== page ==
When my eldest daughter was 11, I noticed several girls from her soccer team were wearing Ugg tall boots. I tried not to judge, but found myself feeling a little, well, judgmental toward the girls' mothers. While Ugg boots are warm and perfectly acceptable footwear—especially for Alaskans trudging through winter—they also are very expensive and, let's face it, a status symbol. I couldn't help but think critically of the moms who were slipping their young daughters' feet into a pair of $200 boots.

Karma bites hard. At the beginning of this school year, my 8th grader begged me for a pair of Ugg boots. She had prepared a list of reasons why she needed them, including warmth, versatility, and comfort—but I knew her main motivation for owning a pair was that everyone else was wearing them. I'm not going to elaborate further, other than to say that she was near tears and desperate to fit in.

I almost caved.

Then I put on my best poker face and said, NO. I told her that I thought they were ugly, that I abhor peer pressure, and that I refuse to pay that much money for her still-growing feet. I also brought up the fact that she possessed exactly $200—a sum of money she had been saving from Christmas gifts, birthday cards, and babysitting jobs. If she really wanted a pair of Uggs, she would have to buy them herself.

She thought long and hard about whether she wanted to blow all of her hard-earned cash on one pair of boots. She finally decided to use her own money.

I have to admit that she's been mostly pleased with her decision. She wears the boots often and takes good care of them. I do believe that she appreciates them much more than if I would have purchased them for her. I still struggle, though, with the giving in to peer pressure and the coveting of status symbols.

My daughter recently turned 14, and will enter high school in the fall. I hope that I and my generically-clad feet can help my firstborn navigate the sometimes treacherous journey through teenage fashion.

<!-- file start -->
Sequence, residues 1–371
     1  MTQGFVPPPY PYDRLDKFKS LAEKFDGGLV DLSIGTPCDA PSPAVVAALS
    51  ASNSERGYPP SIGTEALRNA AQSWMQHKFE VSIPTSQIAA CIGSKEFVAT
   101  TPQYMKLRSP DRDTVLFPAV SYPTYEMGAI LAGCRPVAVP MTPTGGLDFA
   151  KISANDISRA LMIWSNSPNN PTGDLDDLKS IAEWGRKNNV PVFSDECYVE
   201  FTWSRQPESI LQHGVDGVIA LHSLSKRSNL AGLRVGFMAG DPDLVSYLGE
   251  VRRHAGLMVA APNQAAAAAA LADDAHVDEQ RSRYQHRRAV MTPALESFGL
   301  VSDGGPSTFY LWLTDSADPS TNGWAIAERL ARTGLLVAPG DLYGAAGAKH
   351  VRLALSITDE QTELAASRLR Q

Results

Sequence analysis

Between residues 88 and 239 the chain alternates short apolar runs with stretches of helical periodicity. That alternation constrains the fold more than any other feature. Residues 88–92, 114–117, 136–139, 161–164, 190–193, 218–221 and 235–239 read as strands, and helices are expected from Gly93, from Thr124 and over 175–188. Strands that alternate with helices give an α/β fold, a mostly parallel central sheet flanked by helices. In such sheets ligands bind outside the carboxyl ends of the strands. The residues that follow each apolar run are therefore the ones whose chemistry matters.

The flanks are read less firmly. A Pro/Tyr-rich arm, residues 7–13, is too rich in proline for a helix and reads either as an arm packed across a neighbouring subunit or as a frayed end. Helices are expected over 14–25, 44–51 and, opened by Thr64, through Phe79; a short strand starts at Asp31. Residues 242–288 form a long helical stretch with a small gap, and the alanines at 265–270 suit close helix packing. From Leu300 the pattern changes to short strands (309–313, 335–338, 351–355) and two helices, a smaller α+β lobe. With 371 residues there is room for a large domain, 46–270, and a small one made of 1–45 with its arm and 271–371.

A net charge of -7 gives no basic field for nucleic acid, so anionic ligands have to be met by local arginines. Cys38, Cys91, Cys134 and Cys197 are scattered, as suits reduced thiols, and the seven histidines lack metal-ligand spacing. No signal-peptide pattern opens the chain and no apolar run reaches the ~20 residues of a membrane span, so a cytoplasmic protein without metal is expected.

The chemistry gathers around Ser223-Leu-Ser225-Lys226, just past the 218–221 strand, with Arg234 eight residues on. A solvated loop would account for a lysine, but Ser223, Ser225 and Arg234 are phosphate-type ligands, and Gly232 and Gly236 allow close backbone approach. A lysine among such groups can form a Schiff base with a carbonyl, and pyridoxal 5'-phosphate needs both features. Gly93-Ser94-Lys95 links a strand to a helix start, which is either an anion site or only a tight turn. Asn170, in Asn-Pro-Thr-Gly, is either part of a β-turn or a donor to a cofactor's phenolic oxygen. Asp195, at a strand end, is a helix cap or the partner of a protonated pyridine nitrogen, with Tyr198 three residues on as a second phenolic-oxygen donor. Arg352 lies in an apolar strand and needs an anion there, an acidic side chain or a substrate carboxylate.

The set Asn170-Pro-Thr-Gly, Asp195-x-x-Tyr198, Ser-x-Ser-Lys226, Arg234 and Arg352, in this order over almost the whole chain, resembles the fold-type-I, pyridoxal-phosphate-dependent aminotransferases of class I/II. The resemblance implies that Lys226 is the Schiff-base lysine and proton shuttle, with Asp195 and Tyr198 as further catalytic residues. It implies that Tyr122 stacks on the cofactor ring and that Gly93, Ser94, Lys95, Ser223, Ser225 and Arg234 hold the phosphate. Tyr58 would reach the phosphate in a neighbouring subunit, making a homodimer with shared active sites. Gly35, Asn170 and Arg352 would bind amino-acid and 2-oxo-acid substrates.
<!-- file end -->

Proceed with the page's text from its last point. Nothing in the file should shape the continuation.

Dinner last night: halibut tacos

Exactly one year ago:

Thursday, March 22, 2012

Perfect Gift for that Special Man in Your Life

My husband celebrates his birthday in a couple of months. I usually forget to buy him anything until the last minute; I want this year to be different, so I'M PLANNING AHEAD. I've been researching online, looking for a quality tool to add to his collection. He's set up a small shop in the garage, and I'd like to find something that he doesn't already own.

I discovered the Wenger 16999 Giant Swiss Army Knife, which comes highly recommended by commenters on Amazon.

You've really got to read some of the reviews. One of my favorites comes from a young woman named Nancy, who gives this product 4 stars and writes:
I received this as a graduation present two weeks ago, and three days ago I was carrying it around downtown, trying to figure out what to do with it, when I was pulled into a dark ally and had a gun pointed at my head. Reacting on instinct, I swung whatever was in my hand at the attacker. That turned out to save my life. The first blow, with the back side of the knife, not only knocked the gun out of his hand but opened up nearly 30 of the attachments. My backswing turned out to be far more vicious. The police are still in awe that I managed to stab someone with a flashlight, screwdriver bit adapter, tweezers, 10mm Hex wrench, can opener, cigar cutter, and three different knives in one blow . . . Thanks, 16999 Swiss Army Knife!

Although the majority of reviews were glowing, a couple made me stop and think about whether or not this item would make a good birthday present. Kibbles awarded it only one star and stated: